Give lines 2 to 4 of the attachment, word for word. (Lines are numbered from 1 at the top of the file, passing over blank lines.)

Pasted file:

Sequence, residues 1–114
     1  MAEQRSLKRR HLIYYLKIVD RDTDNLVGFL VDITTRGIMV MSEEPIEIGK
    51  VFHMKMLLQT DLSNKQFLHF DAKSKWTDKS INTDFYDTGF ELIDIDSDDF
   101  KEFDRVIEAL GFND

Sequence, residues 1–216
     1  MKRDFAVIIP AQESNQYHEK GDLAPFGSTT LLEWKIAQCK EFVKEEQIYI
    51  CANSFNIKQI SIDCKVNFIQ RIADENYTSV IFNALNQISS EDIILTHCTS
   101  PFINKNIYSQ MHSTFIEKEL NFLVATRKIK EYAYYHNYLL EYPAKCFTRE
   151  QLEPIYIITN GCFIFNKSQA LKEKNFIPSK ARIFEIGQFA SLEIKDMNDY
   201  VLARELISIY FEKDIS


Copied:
     1  MAEQRSLKRR HLIYYLKIVD RDTDNLVGFL VDITTRGIMV MSEEPIEIGK
    51  VFHMKMLLQT DLSNKQFLHF DAKSKWTDKS INTDFYDTGF ELIDIDSDDF
   101  KEFDRVIEAL GFND